Becky Oskin | EurekAlert!
Further information:
http://www.unc.edu

More articles from Social Sciences:

nachricht Amazingly flexible: Learning to read in your thirties profoundly transforms the brain
26.05.2017 | Max-Planck-Institut für Kognitions- und Neurowissenschaften

nachricht Fixating on faces
26.01.2017 | California Institute of Technology

All articles from Social Sciences >>>

The most recent press releases about innovation >>>

Die letzten 5 Focus-News des innovations-reports im Überblick:

Im Focus: Neutron star merger directly observed for the first time

University of Maryland researchers contribute to historic detection of gravitational waves and light created by event

On August 17, 2017, at 12:41:04 UTC, scientists made the first direct observation of a merger between two neutron stars--the dense, collapsed cores that remain...

Im Focus: Breaking: the first light from two neutron stars merging

Seven new papers describe the first-ever detection of light from a gravitational wave source. The event, caused by two neutron stars colliding and merging together, was dubbed GW170817 because it sent ripples through space-time that reached Earth on 2017 August 17. Around the world, hundreds of excited astronomers mobilized quickly and were able to observe the event using numerous telescopes, providing a wealth of new data.

Previous detections of gravitational waves have all involved the merger of two black holes, a feat that won the 2017 Nobel Prize in Physics earlier this month....

Im Focus: Smart sensors for efficient processes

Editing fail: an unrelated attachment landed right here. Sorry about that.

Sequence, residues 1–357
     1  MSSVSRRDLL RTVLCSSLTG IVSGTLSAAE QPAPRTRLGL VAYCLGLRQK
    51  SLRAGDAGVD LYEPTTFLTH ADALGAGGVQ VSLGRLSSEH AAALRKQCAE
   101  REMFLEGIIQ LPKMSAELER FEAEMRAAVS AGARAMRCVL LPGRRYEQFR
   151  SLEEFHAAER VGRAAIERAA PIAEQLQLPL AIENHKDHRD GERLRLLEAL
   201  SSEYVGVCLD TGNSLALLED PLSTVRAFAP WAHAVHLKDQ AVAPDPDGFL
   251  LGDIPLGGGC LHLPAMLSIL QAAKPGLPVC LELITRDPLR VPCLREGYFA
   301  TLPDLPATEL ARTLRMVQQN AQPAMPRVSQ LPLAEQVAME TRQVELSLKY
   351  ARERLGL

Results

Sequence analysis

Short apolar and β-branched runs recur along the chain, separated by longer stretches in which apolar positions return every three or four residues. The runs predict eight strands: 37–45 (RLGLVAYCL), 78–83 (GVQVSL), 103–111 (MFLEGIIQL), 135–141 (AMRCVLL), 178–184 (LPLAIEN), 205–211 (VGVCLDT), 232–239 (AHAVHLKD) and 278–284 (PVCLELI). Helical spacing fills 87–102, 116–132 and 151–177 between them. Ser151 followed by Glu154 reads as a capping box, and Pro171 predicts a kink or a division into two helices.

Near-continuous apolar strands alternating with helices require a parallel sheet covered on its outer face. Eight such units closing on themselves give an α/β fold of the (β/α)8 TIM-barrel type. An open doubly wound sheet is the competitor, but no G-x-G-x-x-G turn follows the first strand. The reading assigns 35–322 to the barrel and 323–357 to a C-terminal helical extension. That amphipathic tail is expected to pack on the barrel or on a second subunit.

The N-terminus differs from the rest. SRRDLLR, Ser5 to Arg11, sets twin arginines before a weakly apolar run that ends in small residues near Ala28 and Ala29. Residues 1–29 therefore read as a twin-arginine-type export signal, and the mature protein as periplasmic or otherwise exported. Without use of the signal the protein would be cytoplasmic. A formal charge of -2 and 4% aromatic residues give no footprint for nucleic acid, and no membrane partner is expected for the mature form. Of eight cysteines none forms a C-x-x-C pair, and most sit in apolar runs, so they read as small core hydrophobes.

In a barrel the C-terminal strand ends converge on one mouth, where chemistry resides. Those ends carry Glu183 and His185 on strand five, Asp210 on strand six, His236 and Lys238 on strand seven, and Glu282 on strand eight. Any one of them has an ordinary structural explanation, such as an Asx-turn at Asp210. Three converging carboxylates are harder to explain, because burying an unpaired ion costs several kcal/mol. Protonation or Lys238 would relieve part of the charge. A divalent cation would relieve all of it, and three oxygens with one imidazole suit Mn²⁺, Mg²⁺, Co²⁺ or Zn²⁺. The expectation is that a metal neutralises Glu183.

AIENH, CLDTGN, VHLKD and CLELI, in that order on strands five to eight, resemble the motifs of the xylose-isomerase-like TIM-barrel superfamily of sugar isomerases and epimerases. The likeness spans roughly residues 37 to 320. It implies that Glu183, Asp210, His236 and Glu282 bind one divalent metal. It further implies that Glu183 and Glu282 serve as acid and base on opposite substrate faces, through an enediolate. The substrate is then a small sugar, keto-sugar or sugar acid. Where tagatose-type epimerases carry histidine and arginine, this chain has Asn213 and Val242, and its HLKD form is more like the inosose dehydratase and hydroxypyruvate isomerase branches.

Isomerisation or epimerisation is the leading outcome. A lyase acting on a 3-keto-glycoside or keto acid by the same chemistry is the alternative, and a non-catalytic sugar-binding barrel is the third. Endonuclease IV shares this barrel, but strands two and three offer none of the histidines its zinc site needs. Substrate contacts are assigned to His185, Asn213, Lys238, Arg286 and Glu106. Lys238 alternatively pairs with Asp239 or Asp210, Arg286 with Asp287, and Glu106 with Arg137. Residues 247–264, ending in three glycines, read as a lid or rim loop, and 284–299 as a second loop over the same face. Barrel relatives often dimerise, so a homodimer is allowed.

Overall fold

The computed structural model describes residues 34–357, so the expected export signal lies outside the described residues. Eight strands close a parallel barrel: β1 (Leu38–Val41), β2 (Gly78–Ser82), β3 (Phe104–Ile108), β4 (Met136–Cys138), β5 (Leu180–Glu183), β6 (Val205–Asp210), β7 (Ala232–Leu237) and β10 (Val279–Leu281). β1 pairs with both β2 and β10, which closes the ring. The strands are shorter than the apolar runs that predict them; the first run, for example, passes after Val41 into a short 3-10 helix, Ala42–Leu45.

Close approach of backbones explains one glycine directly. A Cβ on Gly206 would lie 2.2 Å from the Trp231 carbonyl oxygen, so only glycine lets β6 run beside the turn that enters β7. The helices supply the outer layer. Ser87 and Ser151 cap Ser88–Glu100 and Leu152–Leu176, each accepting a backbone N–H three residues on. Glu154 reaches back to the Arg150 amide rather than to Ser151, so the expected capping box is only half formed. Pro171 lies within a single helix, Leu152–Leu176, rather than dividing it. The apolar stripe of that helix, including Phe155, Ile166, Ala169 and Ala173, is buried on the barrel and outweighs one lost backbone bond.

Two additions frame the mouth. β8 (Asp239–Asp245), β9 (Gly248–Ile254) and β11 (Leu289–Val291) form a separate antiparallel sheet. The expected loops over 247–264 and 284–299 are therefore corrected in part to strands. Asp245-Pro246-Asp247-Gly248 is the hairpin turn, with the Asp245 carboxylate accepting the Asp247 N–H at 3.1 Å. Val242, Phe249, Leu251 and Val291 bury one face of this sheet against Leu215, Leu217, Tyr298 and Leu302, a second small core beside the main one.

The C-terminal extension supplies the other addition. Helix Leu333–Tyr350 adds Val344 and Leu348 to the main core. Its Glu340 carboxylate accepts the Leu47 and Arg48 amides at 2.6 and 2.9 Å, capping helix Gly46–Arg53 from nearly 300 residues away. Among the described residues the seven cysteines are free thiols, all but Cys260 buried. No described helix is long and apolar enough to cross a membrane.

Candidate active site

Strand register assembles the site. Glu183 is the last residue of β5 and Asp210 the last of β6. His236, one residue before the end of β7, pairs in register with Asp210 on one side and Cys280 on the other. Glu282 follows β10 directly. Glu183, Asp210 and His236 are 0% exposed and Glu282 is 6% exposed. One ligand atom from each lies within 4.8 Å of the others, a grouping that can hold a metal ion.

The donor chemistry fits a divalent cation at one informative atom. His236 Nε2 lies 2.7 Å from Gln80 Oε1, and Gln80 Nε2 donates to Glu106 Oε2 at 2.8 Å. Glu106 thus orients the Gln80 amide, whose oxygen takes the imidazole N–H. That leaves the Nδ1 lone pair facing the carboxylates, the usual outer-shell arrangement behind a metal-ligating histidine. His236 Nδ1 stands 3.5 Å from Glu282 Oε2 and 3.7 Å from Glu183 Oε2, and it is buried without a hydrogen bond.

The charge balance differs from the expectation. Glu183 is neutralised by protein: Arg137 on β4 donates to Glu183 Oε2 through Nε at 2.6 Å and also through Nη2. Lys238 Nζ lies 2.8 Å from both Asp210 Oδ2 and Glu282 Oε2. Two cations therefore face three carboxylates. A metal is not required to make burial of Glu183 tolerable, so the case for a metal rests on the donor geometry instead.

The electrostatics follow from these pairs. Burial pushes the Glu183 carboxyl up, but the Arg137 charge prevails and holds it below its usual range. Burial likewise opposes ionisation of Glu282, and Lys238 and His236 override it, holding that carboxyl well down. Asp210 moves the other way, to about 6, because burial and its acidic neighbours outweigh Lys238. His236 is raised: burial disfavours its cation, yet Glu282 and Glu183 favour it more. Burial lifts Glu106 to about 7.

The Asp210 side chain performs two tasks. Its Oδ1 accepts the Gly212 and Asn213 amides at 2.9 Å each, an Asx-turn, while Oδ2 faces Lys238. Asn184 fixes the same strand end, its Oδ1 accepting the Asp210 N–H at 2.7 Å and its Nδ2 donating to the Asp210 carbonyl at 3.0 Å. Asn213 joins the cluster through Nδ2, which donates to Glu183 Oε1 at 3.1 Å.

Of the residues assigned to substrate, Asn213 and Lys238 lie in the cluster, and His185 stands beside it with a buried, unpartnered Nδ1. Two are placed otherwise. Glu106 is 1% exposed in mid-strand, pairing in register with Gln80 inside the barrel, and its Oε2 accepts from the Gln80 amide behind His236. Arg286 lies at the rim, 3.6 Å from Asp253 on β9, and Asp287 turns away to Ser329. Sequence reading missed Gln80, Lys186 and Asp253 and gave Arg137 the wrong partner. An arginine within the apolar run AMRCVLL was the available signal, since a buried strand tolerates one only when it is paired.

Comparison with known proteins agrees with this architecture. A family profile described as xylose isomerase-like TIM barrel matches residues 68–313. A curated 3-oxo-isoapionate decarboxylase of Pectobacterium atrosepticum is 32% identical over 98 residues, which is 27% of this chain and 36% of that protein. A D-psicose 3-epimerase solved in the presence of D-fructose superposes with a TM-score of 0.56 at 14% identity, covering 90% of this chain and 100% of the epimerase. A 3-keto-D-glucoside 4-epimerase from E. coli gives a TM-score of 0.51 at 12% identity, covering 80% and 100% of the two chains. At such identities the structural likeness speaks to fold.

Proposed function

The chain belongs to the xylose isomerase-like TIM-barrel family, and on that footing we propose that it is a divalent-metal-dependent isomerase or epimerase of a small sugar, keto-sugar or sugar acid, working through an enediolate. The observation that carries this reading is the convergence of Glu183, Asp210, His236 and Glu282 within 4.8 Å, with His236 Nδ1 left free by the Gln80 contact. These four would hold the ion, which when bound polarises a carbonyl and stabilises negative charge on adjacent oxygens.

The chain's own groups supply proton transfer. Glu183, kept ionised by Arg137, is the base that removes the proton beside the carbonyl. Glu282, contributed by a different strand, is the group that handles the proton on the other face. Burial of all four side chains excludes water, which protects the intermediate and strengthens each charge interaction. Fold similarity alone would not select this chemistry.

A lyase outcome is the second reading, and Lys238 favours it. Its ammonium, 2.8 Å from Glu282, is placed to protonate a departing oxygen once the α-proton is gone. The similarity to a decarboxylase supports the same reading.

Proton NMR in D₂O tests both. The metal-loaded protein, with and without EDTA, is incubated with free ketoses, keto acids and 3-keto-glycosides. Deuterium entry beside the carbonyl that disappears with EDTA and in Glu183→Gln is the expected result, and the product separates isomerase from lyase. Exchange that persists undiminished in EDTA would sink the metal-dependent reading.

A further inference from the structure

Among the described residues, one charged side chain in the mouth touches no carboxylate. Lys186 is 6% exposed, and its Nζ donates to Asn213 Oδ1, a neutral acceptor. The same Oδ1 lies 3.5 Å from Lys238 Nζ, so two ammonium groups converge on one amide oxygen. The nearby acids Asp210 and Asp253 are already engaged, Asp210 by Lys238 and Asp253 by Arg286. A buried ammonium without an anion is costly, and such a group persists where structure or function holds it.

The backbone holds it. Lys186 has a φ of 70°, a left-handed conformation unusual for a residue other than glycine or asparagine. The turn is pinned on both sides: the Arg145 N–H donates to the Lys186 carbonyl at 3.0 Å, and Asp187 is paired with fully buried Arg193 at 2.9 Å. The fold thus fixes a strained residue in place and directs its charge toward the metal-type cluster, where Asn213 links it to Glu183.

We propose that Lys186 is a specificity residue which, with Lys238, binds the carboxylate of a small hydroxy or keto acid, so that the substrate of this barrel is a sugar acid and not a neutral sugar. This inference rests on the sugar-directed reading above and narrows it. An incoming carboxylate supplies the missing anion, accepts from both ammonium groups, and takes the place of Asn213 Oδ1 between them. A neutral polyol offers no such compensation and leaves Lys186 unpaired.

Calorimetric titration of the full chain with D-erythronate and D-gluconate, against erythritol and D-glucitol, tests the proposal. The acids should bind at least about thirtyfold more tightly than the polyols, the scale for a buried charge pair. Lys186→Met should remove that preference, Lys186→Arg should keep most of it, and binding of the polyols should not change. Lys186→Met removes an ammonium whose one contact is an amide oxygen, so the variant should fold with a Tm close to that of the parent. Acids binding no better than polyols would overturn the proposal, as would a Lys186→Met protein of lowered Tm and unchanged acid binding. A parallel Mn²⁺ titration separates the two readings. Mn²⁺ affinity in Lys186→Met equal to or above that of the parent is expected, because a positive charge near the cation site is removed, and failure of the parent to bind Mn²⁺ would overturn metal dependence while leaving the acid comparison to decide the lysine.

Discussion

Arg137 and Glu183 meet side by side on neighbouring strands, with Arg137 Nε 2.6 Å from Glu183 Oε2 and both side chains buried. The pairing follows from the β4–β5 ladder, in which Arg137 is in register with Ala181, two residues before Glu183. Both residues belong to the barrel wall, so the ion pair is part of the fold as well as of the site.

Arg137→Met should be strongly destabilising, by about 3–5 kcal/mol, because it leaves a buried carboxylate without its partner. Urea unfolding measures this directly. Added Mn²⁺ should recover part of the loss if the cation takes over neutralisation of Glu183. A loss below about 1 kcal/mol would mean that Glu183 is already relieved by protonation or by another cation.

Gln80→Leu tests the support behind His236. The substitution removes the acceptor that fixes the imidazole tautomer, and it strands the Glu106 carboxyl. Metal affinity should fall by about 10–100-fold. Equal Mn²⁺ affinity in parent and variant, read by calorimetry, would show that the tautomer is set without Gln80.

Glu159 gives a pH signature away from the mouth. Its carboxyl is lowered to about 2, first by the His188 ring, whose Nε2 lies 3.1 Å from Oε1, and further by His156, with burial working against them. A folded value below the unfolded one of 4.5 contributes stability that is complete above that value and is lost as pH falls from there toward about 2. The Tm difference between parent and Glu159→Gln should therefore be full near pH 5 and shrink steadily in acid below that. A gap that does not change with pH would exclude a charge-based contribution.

Material defects in end products can quickly result in failures in many areas of industry, and have a massive impact on the safe use of their products. This is why, in the field of quality assurance, intelligent, nondestructive sensor systems play a key role. They allow testing components and parts in a rapid and cost-efficient manner without destroying the actual product or changing its surface. Experts from the Fraunhofer IZFP in Saarbrücken will be presenting two exhibits at the Blechexpo in Stuttgart from 7–10 November 2017 that allow fast, reliable, and automated characterization of materials and detection of defects (Hall 5, Booth 5306).

When quality testing uses time-consuming destructive test methods, it can result in enormous costs due to damaging or destroying the products. And given that...

Im Focus: Cold molecules on collision course

Using a new cooling technique MPQ scientists succeed at observing collisions in a dense beam of cold and slow dipolar molecules.

How do chemical reactions proceed at extremely low temperatures? The answer requires the investigation of molecular samples that are cold, dense, and slow at...

Im Focus: Shrinking the proton again!

Scientists from the Max Planck Institute of Quantum Optics, using high precision laser spectroscopy of atomic hydrogen, confirm the surprisingly small value of the proton radius determined from muonic hydrogen.

It was one of the breakthroughs of the year 2010: Laser spectroscopy of muonic hydrogen resulted in a value for the proton charge radius that was significantly...

All Focus news of the innovation-report >>>

Anzeige

Anzeige

Event News

ASEAN Member States discuss the future role of renewable energy

17.10.2017 | Event News

World Health Summit 2017: International experts set the course for the future of Global Health

10.10.2017 | Event News

Climate Engineering Conference 2017 Opens in Berlin

10.10.2017 | Event News

 
Latest News

Ocean atmosphere rife with microbes

17.10.2017 | Life Sciences

Neutrons observe vitamin B6-dependent enzyme activity useful for drug development

17.10.2017 | Life Sciences

NASA finds newly formed tropical storm lan over open waters

17.10.2017 | Earth Sciences

VideoLinks
B2B-VideoLinks
More VideoLinks >>>